New GRE: No more rote learning4 min read
With a brand new format, scoring scale and test-taking interface, the revised GRE General Test attempts to offer much to applicants. With the freedom to move back and forth, edit or change answers, and skip and return to questions, all within a section, candidates have the ability to use more of their own test-taking strategies.
No more analogies, antonyms
In the Verbal Reasoning section of the new format there is less reliance on vocabulary out of context. At the end of the day, memorising vocabulary out of context isn’t going to help in your MBA programme. You will be reading passages, trying to understand the author’s main thesis and conflicting points of view. Now you will be doing a lot of Reading Comprehension types of tasks and if you get better at Reading Comprehension, that’s going to help you in the educational arena and beyond.
The best place to start is on our website. Here test-takers will find sample questions for the Verbal Reasoning, Quantitative Reasoning, and Analytical Writing sections of the test, free downloadable software that gives students a simulated test-taking experience, and a Mathematics review to prepare them for the Quantitative Reasoning section.
Scoring is more reflective
It used to be 200-800 in 10-point increments for both Quantitative and Verbal Reasoning. So if A scored 620 in Verbal and B scored 600, 620 sounds a lot higher than 600 but its really only two score points and not a significant real-world difference between the two. The new score scale will go from 130-170 in one point increments. Now A’s score would 162 and B is 164. We think the new score scales will minimise misinterpretations of such small score differences. Analytical Writing will be scored from 0-6.
This will depend on the amount of time a candidate has available, and as well as personal preferences for how to prepare. At a minimum, it is important to know what to expect.
Before taking a practice GRE revised General Test, visit takethegre.com and become familiar with the content of the Verbal Reasoning, Quantitative Reasoning, and Analytical Writing sections of the test.
Take a practice test by using the free software offered by GRE. The software provides a timed test that demonstrates the new design features, including the ability to move back and forth and change answers within a section, as well as the new on-screen calculator.
The questions in the Verbal Reasoning and QR sections have a variety of formats. Some require candidates to select a single answer choice; others require candidates to select one or more answer choices, and yet others require test-takers to enter a numeric answer. When answering a question, candidates should make sure they understand what response is required.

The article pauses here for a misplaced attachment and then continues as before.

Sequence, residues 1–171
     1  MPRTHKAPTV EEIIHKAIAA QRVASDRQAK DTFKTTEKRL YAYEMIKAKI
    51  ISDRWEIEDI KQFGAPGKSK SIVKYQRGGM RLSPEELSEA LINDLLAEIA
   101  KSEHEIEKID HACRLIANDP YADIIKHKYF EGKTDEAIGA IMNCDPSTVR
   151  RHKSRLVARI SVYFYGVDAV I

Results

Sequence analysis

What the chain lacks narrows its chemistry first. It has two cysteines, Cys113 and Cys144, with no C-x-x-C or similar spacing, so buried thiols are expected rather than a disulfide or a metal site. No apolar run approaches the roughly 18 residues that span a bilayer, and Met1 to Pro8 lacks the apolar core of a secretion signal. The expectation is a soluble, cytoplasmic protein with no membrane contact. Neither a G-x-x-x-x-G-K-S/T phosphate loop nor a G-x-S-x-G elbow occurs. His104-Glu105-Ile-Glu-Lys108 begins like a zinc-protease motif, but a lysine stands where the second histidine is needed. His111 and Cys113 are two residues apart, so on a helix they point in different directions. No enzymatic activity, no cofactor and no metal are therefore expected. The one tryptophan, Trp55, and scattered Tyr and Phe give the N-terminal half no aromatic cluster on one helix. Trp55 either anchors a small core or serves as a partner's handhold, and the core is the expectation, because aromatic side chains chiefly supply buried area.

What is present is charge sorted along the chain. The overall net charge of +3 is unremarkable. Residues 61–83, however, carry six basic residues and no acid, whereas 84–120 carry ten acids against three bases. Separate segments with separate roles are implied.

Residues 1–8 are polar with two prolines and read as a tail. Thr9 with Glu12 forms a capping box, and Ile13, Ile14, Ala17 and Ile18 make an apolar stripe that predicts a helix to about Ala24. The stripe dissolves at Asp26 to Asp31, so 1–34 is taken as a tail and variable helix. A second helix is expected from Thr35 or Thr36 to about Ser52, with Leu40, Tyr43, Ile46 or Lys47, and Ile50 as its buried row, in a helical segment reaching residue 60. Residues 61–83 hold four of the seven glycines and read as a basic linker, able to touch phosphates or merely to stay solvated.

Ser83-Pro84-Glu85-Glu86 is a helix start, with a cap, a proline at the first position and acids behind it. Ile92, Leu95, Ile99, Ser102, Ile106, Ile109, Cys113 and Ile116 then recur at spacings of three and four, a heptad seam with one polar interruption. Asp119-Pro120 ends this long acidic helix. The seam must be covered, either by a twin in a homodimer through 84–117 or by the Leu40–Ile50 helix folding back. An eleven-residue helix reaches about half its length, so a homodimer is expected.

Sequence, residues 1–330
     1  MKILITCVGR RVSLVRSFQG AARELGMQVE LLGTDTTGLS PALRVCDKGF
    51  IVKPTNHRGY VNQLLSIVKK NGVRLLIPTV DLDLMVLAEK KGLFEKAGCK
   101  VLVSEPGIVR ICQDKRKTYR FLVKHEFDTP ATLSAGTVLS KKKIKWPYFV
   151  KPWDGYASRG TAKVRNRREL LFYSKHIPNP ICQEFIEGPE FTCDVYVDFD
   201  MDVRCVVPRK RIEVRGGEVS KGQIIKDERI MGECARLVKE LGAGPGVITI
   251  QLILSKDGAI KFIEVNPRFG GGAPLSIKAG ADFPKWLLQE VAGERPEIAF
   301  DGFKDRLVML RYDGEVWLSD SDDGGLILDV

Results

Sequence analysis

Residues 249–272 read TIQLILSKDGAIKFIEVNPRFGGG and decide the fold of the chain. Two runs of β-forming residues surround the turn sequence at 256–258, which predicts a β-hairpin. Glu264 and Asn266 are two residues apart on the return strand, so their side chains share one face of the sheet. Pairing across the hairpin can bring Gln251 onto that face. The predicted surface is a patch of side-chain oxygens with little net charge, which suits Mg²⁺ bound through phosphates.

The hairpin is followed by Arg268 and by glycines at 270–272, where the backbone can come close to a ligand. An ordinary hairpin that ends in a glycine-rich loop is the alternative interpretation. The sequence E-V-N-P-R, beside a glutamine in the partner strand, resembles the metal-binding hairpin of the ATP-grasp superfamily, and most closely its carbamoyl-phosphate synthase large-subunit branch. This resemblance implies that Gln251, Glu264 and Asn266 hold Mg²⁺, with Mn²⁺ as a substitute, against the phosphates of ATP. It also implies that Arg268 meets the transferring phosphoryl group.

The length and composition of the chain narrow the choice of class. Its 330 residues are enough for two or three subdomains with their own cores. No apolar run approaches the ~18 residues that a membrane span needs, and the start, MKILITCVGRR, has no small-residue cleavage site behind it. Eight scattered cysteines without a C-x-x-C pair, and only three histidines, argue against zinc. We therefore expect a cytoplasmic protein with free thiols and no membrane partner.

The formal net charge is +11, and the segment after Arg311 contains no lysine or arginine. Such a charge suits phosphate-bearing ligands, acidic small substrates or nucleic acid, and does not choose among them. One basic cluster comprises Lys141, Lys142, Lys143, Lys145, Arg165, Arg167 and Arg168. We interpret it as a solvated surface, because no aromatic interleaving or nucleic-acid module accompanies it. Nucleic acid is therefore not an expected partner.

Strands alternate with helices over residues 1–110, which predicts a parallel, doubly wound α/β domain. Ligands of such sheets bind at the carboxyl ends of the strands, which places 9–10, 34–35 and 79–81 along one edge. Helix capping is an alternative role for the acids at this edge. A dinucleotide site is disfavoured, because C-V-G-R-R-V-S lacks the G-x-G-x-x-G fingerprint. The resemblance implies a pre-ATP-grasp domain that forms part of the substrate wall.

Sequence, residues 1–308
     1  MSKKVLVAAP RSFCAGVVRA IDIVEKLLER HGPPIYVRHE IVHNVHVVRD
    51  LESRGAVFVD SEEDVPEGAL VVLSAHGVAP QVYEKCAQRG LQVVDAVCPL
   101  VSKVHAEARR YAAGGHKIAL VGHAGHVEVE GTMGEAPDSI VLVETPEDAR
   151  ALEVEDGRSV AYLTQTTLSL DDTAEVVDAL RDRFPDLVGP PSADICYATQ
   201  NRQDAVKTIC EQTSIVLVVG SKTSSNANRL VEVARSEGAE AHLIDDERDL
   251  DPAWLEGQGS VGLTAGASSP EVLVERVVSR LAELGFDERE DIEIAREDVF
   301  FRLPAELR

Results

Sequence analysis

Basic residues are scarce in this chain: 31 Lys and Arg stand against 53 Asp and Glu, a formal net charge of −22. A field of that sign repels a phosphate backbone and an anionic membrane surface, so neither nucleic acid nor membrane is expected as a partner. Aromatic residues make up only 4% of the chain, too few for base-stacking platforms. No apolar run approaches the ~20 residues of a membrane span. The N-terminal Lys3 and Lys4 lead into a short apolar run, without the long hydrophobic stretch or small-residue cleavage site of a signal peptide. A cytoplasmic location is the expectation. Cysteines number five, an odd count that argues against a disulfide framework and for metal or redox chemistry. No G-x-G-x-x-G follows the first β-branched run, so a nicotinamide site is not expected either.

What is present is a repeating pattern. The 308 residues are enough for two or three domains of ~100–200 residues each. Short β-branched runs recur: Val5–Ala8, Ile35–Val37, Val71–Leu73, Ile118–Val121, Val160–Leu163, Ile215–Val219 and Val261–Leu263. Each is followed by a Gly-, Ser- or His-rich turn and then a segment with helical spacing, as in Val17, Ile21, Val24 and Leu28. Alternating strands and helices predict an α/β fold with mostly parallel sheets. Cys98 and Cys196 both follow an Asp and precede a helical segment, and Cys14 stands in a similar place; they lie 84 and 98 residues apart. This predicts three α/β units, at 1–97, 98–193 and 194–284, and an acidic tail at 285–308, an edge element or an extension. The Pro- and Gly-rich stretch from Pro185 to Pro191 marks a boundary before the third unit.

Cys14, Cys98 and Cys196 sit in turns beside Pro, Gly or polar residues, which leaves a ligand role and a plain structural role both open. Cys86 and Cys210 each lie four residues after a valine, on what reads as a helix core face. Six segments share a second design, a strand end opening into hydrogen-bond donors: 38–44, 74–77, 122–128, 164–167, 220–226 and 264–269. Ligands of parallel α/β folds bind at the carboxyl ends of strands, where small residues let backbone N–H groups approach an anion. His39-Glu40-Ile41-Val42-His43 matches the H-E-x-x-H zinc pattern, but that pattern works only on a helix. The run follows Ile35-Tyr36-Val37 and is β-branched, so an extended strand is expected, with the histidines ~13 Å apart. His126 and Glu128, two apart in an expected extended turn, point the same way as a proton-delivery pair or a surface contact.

The computer-based GRE revised General Test has a “mark and review” feature that enables test-takers to keep track of questions they would like to revisit during the time provided to work on a section and identify questions they may have skipped. Candidates can view a complete list of the questions in the section, and see an indicator of whether they answered or marked questions for review. Test-takers should budget their time so they can use the “mark and review” feature as an added check before completing a section.
Verbal Reasoning and Quantitative Reasoning scores will be determined by the number of questions answered correctly. To maximise scores on these sections, it is best to answer every question. Points are not subtracted for incorrect answers, so it’s better to guess than to leave an answer blank.
Most of the Quantitative Reasoning questions don’t require difficult computations, so test-takers should not use the calculator just because it’s available. They should use it for calculations that are more time-consuming, such as long division, square roots and addition, subtraction or multiplication of numbers that have several digits.
During the Analytical Writing section candidates should be careful to budget their time. Within the 30-minute time limit for each task, allow sufficient time to think about the issue, plan a response and compose an essay.
Save a few minutes at the end of each timed Analytical Writing task to check for obvious errors. Although an occasional typographical, spelling or grammatical error will not affect a score, severe and persistent errors will detract from the overall effectiveness of a candidate’s writing and lower the score. So errors have to be avoided at all costs
There is a 10-minute break following the third section and a one-minute break between the other test sections. Candidates should use this time to replenish scratch paper. Section timing will not stop if candidates take an unscheduled break, so proceed with the test without interruption once it begins.